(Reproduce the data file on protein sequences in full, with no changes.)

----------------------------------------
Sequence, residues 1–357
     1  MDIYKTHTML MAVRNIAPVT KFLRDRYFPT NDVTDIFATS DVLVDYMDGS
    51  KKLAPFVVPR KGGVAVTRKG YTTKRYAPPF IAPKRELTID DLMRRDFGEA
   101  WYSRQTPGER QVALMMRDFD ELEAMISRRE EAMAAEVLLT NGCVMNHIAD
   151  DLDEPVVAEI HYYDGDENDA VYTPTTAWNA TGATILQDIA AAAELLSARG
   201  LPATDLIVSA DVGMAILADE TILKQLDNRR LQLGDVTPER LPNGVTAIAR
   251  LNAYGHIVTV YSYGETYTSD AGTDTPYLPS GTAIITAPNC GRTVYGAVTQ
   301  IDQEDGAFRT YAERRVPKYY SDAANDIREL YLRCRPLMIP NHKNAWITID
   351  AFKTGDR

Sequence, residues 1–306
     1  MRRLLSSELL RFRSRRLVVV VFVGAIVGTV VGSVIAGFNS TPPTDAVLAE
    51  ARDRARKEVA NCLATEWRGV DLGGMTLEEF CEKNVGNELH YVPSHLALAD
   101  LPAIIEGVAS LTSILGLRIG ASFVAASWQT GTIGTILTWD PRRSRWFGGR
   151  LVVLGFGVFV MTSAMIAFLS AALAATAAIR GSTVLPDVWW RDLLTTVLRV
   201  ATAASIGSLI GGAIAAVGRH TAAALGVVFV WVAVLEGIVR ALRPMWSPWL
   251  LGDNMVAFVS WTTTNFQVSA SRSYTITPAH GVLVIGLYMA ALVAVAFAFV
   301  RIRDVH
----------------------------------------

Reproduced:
Sequence, residues 1–357
     1  MDIYKTHTML MAVRNIAPVT KFLRDRYFPT NDVTDIFATS DVLVDYMDGS
    51  KKLAPFVVPR KGGVAVTRKG YTTKRYAPPF IAPKRELTID DLMRRDFGEA
   101  WYSRQTPGER QVALMMRDFD ELEAMISRRE EAMAAEVLLT NGCVMNHIAD
   151  DLDEPVVAEI HYYDGDENDA VYTPTTAWNA TGATILQDIA AAAELLSARG
   201  LPATDLIVSA DVGMAILADE TILKQLDNRR LQLGDVTPER LPNGVTAIAR
   251  LNAYGHIVTV YSYGETYTSD AGTDTPYLPS GTAIITAPNC GRTVYGAVTQ
   301  IDQEDGAFRT YAERRVPKYY SDAANDIREL YLRCRPLMIP NHKNAWITID
   351  AFKTGDR

Sequence, residues 1–306
     1  MRRLLSSELL RFRSRRLVVV VFVGAIVGTV VGSVIAGFNS TPPTDAVLAE
    51  ARDRARKEVA NCLATEWRGV DLGGMTLEEF CEKNVGNELH YVPSHLALAD
   101  LPAIIEGVAS LTSILGLRIG ASFVAASWQT GTIGTILTWD PRRSRWFGGR
   151  LVVLGFGVFV MTSAMIAFLS AALAATAAIR GSTVLPDVWW RDLLTTVLRV
   201  ATAASIGSLI GGAIAAVGRH TAAALGVVFV WVAVLEGIVR ALRPMWSPWL
   251  LGDNMVAFVS WTTTNFQVSA SRSYTITPAH GVLVIGLYMA ALVAVAFAFV
   301  RIRDVH